The class of 2026 has been on campus for three and a half weeks. They have had time to settle in, attend classes, visit the Co-Curricular Fair, and start making friends. The Messenger sat down with a number of first-year students to discuss their first weeks of college.
The class of 2026 is a large group, with 869 students from 447 high schools worldwide. The last time the College welcomed a class of over 800 students was when the class of 2023 arrived in fall 2019, before the COVID-19 pandemic began. The arrival of the class of 2026 also coincides with the opening of a new dorm and 14 new townhouses which together can house 440 upperclassmen students.
The first-year students reported a wide variety of interests, struggles, and joys from their first month. Many highlighted the communities they have built with their fellow students. “I really feel like St. Olaf is very inviting, like the second you walk in you meet a JC on your floor. I think the rooms are very inviting,” Louisa Ward ’26 said. “I enjoy all of the different community activities that St. Olaf has, it feels very inviting.”
Martin Skare ’26 said, “the thing I love about this campus the most is the community aspect, how you can kind of have access to everything and the hall is just one big open room where we all eat, they want you to find community and I’ve found that’s effective. I’ve already met some great people and I’ve been doing some fun things.”
The students have taken a variety of approaches to meeting people. Some, like Aidan Fitzpatrick ’26, have met people through first-year specific activities and groups, like their St. Olaf Orientation to Academics and Resources (SOAR) groups. This particular first-year program, which began in fall 2021, acts as a discussion and support group led by an upperclassman mentor. “Friends here are pretty cool, the SOAR group is really interesting cause it turned into a friend group,” Fitzpatrick said.
Some first-years have also made friends through extracurriculars. “College is really, really fun. People have been super welcoming in all the clubs I’ve joined,” said Jonas Geere ’26.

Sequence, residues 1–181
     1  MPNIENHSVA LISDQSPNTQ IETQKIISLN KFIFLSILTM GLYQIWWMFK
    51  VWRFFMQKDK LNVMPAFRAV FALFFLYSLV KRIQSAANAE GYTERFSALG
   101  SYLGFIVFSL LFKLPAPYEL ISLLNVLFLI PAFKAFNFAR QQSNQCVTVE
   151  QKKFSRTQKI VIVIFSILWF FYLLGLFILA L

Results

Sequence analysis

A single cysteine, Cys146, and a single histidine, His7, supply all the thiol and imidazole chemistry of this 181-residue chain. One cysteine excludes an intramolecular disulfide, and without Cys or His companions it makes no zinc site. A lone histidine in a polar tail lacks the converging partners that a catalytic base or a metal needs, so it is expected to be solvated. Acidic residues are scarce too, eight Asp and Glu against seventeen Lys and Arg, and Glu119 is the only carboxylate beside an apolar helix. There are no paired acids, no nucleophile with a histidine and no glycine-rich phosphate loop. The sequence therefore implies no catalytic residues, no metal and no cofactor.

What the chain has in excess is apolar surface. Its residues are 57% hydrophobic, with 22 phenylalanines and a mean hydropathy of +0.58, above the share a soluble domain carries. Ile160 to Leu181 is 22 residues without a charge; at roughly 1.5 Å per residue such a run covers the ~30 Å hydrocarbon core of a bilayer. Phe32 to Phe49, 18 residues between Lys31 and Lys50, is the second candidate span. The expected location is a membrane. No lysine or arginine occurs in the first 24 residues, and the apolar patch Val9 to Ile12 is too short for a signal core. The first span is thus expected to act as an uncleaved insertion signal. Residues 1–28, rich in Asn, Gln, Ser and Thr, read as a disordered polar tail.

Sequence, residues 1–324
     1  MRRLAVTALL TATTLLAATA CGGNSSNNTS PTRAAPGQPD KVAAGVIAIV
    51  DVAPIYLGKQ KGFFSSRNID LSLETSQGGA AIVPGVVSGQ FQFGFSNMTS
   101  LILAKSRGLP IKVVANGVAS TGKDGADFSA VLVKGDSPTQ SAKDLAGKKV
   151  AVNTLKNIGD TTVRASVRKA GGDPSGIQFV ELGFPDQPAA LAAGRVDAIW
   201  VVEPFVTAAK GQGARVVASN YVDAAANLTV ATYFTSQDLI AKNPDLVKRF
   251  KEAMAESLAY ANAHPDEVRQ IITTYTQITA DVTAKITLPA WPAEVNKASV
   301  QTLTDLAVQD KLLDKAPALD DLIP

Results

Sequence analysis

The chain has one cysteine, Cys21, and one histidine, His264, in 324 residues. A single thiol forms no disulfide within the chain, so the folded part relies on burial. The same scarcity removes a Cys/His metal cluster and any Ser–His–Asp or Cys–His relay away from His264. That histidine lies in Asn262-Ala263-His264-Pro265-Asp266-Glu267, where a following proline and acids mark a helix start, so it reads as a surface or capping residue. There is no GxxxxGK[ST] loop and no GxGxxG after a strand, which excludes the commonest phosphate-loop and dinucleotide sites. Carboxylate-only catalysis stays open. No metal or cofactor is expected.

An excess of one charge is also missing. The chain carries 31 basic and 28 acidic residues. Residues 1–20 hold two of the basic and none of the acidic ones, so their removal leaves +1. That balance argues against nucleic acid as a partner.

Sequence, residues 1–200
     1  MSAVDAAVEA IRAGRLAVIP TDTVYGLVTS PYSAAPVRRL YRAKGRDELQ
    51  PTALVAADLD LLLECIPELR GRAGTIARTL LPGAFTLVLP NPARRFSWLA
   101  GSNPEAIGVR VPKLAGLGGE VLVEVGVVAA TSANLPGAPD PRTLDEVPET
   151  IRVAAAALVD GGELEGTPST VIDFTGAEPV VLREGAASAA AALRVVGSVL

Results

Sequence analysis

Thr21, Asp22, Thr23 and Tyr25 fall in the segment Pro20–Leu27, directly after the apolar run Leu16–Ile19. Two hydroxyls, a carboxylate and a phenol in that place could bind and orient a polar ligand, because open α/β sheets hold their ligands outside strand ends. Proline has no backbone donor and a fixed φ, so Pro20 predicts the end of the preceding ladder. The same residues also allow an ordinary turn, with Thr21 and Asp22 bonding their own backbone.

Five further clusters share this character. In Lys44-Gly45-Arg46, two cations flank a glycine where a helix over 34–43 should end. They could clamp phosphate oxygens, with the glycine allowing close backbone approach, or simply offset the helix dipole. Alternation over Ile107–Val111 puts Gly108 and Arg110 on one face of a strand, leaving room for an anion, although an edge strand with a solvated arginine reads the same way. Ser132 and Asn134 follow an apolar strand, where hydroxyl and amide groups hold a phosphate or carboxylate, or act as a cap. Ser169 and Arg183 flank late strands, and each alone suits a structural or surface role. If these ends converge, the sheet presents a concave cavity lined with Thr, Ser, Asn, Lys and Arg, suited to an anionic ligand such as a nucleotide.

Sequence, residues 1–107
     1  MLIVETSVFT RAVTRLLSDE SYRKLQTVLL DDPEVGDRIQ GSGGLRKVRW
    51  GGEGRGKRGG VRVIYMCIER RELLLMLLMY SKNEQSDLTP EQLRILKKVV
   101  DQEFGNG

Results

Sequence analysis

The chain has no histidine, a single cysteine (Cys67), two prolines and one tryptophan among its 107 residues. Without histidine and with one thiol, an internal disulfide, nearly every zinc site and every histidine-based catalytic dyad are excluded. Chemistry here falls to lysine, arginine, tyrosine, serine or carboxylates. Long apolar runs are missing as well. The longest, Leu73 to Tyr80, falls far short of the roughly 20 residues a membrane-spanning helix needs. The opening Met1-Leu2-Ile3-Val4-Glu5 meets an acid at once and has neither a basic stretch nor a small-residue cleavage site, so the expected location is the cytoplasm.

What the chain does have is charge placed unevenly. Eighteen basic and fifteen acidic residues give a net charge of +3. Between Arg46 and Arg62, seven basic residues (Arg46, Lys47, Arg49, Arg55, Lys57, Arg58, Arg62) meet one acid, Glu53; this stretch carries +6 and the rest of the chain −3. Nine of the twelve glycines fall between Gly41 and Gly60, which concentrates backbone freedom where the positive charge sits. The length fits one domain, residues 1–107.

Others, like Austin Brekken ’26, have taken a more laid-back approach. “The community is amazing and I love playing spikeball with random people,” Brekken said.
The class of 2026 is also enjoying the independence of campus living. “I like how every room is open, you can just go into any room, you can go skating, you can go into the gym, you can just kind of do whatever,” Ward said.
Many have moved to a new state or even country to attend St. Olaf. The students represent 41 U.S. states and 55 countries — fewer states and countries than the class of 2025 but generally in line with year-on-year admissions trends for the College.
The students have faced challenges navigating the start of college — finding their way around campus and homesickness are common struggles for first-years in the early months of college.
“I have some pretty good friends. I like my classes, they’re not too easy, not too hard. I do miss my dog though,” said Róisín Walsh ’26.
“This is a large campus that’s sort of hard to navigate at times. I went to the wrong class for my first class, so that was fun,” said Peter Klinefelter ’26.
However, the students are finding ways to cope with the challenges of a new place and new experiences.
“It’s pretty easy to find things around, you just ask anyone and they’ll answer,” Demitrius Urban ’26 said.
Lucas Von Oehsen ’26 echoed Urban’s thoughts. “I’ve been able to find everything on campus pretty easily. It’s been a good experience so far. St. Olaf College is very lovely,” Von Oehsen said.